Technically a seed

  • 10 Mar - 16 Mar, 2018
  • Mag The Weekly
  • Cookery

Nutritional Profile

Walnuts provide 654 calories per 100gm; 65g of fat, 2mg of sodium, 15g of protien, 441mg of potassium and 14g of carbohydrate.

Interesting facts

· Walnuts are the oldest known tree food — they date back to 10,000 BC!

· English walnuts (also known as Persian walnuts) originate in Central Asia and were introduced to California in the 1700s.

· The Greeks called walnuts karyon, meaning “head,” because the shell resembles a human skull and the walnut kernel itself, looks like a brain.

· Walnuts are only harvested once a year, between September and November.

· There are more than 30 varieties of commercially produced walnuts.

Health benefits

· Walnuts have always been considered important for their medicinal properties, including curing bad breath, reducing inflammation, and healing wounds.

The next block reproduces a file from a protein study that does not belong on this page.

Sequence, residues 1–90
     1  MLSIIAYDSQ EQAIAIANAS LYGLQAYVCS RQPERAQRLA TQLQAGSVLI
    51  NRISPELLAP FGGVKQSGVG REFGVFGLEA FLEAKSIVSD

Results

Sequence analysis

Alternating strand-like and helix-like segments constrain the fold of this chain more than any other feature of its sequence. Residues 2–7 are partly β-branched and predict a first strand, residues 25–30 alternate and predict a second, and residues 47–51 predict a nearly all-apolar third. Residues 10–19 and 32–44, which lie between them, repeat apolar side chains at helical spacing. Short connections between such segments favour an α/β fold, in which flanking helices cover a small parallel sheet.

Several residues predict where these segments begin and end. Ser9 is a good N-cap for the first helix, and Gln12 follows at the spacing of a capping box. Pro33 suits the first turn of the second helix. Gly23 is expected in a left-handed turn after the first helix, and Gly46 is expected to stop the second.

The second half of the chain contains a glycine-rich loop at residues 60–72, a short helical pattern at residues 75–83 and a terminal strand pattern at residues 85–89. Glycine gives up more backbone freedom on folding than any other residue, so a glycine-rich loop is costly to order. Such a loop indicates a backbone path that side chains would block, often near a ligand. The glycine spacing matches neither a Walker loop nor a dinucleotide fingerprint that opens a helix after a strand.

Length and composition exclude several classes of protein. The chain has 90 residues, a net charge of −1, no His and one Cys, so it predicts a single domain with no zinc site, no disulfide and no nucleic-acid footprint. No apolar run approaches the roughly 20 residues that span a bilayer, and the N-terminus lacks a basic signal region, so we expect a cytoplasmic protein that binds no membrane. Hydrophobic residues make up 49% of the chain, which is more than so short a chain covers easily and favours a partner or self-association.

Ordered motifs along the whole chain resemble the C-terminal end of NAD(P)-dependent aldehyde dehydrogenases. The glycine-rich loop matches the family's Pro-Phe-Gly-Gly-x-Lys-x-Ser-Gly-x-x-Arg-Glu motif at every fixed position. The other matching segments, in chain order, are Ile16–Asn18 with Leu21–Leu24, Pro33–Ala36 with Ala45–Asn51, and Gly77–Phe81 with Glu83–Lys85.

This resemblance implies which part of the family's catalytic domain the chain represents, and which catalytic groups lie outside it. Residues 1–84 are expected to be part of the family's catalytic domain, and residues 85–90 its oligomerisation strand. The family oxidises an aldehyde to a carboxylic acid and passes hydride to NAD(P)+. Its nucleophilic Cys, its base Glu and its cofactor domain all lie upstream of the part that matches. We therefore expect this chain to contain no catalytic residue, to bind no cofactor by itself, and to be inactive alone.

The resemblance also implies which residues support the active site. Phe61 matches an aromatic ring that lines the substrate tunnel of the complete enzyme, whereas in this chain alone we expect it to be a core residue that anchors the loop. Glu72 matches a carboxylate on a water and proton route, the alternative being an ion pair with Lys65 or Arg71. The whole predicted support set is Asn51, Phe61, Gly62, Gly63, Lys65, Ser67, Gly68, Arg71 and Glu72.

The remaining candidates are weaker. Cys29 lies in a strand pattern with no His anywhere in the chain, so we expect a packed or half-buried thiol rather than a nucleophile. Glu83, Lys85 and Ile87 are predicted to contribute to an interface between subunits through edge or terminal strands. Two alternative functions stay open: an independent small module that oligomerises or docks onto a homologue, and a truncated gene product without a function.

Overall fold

· They are also rich in antioxidants, including being a very good source of manganese, copper and the B vitamin biotin.

· EFAs from walnuts secure the bone health of the body. These increase calcium absorption and deposition, while reducing urinary calcium excretion.

· People suffering from diabetes can have walnuts on a regular basis without any significant weight gain, since they contain a high amount of polyunsaturated and monounsaturated fats.

· One of the health benefits of consuming walnuts is that it improves the body metabolism. They provide minerals like potassium, calcium, iron, magnesium, zinc and selenium to the body which help contribute to metabolic activities like growth and development, digestion and nucleic acid synthesis.


Scientific studies prove that the inclusion of walnuts in any diet helps prevent coronary heart diseases by favouring a healthy lipid supply. Their consumption lowers the bad LDL cholesterol and increases the level of good HDL cholesterol.